In late June, prison officials at the Federal Correctional Institution in Sheridan denied showers to those held in the same unit where people were engaged in a hunger strike, according to a document enclosed as part of a court filing on Thursday by the federal public defender.
Approximately 80 people — most of whom have been charged with crimes, but are legally innocent — and housed in the detention center’s “J2 Unit” were protesting conditions inside the facility’s detention center.
According to the Bureau of Prisons, on June 23 some of the men in custody “did not accept their meals.”
The following day, prison warden DeWayne Hendrix issued a memo to those in the J2 Unit.
“The purpose of this memorandum is to inform each of you that showers are postponed due to continued threats of assault to staff,” Hendrix wrote. “Enhanced security procedures due to ongoing disruptive behavior will continue through the weekend and will be reevaluated on Monday. All issues brought to our attention are being reviewed.”
Oregon Public Defender Lisa Hay noted in the court filing that temperatures in Sheridan reached 90 degrees during the heat wave in late June that coincided with the withholding of showers.
“People in custody reported that Sheridan turned the water off at the [detention center] in order to end the hunger strike,” Hay stated.
The Bureau of Prisons didn’t answer questions regarding the memo or whether the water was cut off to end the hunger strike.
U.S. Department of Justice attorneys, who represent the federal prison, stated in a court filing of their own on Thursday “that no inmates are currently on a hunger strike.”
On Monday, June 27, “all inmates housed in the J2 Housing Unit accepted their food trays for the evening meal and showered by 8 p.m. that evening. BOP did not receive any reports of inmates becoming ill from the evening meal.”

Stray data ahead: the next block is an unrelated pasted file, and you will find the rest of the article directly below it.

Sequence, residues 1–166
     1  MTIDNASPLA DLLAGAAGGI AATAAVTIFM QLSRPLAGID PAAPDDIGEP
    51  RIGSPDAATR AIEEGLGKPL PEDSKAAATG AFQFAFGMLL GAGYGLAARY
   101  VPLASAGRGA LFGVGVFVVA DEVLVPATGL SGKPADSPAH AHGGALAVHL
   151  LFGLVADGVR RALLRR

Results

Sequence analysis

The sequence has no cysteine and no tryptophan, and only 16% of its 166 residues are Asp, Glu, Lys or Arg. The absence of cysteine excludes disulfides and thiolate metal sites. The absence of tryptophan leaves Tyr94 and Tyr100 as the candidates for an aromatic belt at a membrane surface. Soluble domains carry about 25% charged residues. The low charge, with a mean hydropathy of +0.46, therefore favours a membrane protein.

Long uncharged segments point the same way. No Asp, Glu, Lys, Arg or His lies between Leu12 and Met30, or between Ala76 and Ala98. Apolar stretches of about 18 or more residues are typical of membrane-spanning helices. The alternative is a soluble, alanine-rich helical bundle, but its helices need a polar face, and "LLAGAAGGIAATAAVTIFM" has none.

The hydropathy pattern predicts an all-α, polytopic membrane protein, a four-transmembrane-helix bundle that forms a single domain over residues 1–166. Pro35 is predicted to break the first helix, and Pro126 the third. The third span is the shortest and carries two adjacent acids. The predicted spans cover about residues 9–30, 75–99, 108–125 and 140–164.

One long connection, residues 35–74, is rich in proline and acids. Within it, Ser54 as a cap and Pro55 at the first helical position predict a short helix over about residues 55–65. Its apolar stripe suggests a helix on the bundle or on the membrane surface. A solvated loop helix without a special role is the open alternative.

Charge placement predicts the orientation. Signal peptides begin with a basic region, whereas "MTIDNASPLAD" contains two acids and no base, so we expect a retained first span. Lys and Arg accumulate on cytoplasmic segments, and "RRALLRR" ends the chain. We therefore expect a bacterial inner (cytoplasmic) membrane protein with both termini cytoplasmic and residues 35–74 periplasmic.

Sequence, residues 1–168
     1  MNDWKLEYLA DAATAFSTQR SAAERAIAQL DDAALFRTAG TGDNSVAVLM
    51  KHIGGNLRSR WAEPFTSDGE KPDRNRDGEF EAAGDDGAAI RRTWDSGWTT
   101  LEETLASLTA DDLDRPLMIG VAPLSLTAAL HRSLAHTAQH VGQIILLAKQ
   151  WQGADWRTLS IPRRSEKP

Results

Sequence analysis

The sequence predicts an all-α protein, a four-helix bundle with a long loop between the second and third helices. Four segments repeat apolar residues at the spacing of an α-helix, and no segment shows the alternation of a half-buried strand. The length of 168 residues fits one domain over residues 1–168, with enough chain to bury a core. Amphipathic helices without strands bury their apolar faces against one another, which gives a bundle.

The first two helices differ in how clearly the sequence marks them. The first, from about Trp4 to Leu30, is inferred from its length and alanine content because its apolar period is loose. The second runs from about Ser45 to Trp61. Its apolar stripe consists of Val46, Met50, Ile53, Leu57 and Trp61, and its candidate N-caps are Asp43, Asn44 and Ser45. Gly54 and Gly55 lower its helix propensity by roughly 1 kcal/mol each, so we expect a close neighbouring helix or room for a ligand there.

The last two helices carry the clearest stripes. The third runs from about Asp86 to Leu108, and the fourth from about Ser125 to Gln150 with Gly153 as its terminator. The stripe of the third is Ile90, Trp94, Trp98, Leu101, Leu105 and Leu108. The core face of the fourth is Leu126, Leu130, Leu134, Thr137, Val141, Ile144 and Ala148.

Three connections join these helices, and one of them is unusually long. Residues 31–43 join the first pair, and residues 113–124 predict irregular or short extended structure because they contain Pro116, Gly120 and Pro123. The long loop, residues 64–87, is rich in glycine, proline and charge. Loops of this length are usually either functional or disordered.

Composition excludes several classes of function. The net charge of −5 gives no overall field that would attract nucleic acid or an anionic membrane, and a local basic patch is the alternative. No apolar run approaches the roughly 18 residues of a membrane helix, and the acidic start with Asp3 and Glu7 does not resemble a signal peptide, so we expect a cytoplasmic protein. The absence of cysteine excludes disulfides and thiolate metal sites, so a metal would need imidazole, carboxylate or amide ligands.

Conditions inside Sheridan have been the subject of grave concern since the pandemic took hold in the spring of 2020. In numerous court filings, Oregon’s federal public defender, Lisa Hay, has detailed lockdowns that have lasted for days. In other filings, her office has documented poor medical and dental care that has left many suffering.
Since the pandemic began, seven people have died at Sheridan, including a 25-year-old man who was found dead early last Tuesday. The man’s father said the medical examiner told him the death would be ruled an accidental overdose. The medical examiner also told the family the 25-year-old had a leaky heart valve that burst and high blood pressure.
In its statement on the hunger strike, the Bureau of Prisons spokesperson noted that while some detainees refused meal trays, they did have the ability to purchase food at the commissary, a sort of convenience store inside the prison. The statement did not say whether the incarcerated people participating in the strike availed themselves of that option.